Wilson's disease (WD) is clinically and radiologically a dynamic disorder. However, there is a paucity of studies involving sequential MRI changes in this disease with or without therapy. This study looked at serial MRI changes and their clinical correlate in patients with WD. The severity of MRI changes using 1.5 T MRI in 50 patients with WD was graded based on alteration in signal intensity of focal lesions and atrophy. Details of clinical manifestations, Schwab and England Activities of daily living (MSEADL) score, Neurological Symptom Score (NSS) and Chu staging were recorded. Clinical severity and disability scores were correlated with MRI scores using SPSS v10. The mean age at onset of illness and diagnosis was 12.8 ± 5.6 years and 14.4 ± 6.0 years, respectively. At the time of first MRI, patients had been treated for 49.0 ± 77.3 months. At a follow-up of 24.2 ± 12.2 months, clinically 36 patients had improved, 9 remained the same and 5 had worsened. Serial imaging revealed an improvement in MRI parameters in 35 patients, no significant changes in 10, worsening in 4 and an admixture of resolving and evolving changes in 1. The overall MRI score improved from 8.2 ± 5.7 to 5.9 ± 6.6. There was an improvement in measures of disability and impairment in all: Chu stage, 11.5 ± 0.7 to 1.3 ± 0.6; MSEADL score (%), 79.7 ± 27.6 to 88.0 ± 25.4; NSS, 10.6 ± 11.2 to 8.0 ± 11.6, with good clinico-radiological correlation. Patients with extensive changes, white-matter involvement and severe diffuse atrophy had a poor prognosis. In conclusion, the majority of patients with WD showed variable improvement in clinical and MRI features when treated.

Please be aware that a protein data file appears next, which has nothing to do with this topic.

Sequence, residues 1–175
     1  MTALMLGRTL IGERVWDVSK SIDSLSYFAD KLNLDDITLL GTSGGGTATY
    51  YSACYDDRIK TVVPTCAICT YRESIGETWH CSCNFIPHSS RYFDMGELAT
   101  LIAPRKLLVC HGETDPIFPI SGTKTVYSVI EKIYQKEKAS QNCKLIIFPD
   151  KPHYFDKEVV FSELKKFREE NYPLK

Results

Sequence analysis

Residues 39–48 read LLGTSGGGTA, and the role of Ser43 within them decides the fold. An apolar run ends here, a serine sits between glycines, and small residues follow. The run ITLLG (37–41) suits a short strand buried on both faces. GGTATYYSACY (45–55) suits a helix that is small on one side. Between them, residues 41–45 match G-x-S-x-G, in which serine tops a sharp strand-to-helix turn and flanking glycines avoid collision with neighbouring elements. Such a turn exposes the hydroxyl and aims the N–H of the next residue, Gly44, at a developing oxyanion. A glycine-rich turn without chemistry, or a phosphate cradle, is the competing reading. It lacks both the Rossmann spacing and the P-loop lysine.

ASJC Scopus subject areas
- Radiology Nuclear Medicine and imaging